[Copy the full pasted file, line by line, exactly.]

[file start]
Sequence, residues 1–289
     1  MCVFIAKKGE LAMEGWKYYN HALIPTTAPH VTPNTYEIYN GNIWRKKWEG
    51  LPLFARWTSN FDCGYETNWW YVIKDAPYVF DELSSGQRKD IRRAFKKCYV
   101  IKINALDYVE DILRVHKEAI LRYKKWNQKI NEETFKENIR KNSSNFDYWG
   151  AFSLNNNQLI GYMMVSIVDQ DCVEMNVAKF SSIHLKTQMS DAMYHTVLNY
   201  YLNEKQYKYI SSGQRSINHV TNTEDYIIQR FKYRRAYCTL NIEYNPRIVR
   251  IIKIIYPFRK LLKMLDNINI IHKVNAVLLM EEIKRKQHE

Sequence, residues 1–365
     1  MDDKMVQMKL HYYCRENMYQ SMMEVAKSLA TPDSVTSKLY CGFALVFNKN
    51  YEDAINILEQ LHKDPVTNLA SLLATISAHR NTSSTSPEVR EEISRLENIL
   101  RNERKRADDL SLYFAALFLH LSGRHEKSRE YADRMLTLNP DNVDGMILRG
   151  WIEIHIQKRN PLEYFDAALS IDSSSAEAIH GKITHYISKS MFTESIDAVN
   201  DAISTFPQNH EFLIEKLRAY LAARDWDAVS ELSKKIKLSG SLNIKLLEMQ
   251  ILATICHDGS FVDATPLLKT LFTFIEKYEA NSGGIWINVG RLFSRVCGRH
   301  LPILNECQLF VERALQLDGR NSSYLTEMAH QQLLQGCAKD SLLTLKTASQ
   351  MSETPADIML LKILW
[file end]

Sequence, residues 1–289
     1  MCVFIAKKGE LAMEGWKYYN HALIPTTAPH VTPNTYEIYN GNIWRKKWEG
    51  LPLFARWTSN FDCGYETNWW YVIKDAPYVF DELSSGQRKD IRRAFKKCYV
   101  IKINALDYVE DILRVHKEAI LRYKKWNQKI NEETFKENIR KNSSNFDYWG
   151  AFSLNNNQLI GYMMVSIVDQ DCVEMNVAKF SSIHLKTQMS DAMYHTVLNY
   201  YLNEKQYKYI SSGQRSINHV TNTEDYIIQR FKYRRAYCTL NIEYNPRIVR
   251  IIKIIYPFRK LLKMLDNINI IHKVNAVLLM EEIKRKQHE

Sequence, residues 1–365
     1  MDDKMVQMKL HYYCRENMYQ SMMEVAKSLA TPDSVTSKLY CGFALVFNKN
    51  YEDAINILEQ LHKDPVTNLA SLLATISAHR NTSSTSPEVR EEISRLENIL
   101  RNERKRADDL SLYFAALFLH LSGRHEKSRE YADRMLTLNP DNVDGMILRG
   151  WIEIHIQKRN PLEYFDAALS IDSSSAEAIH GKITHYISKS MFTESIDAVN
   201  DAISTFPQNH EFLIEKLRAY LAARDWDAVS ELSKKIKLSG SLNIKLLEMQ
   251  ILATICHDGS FVDATPLLKT LFTFIEKYEA NSGGIWINVG RLFSRVCGRH
   301  LPILNECQLF VERALQLDGR NSSYLTEMAH QQLLQGCAKD SLLTLKTASQ
   351  MSETPADIML LKILW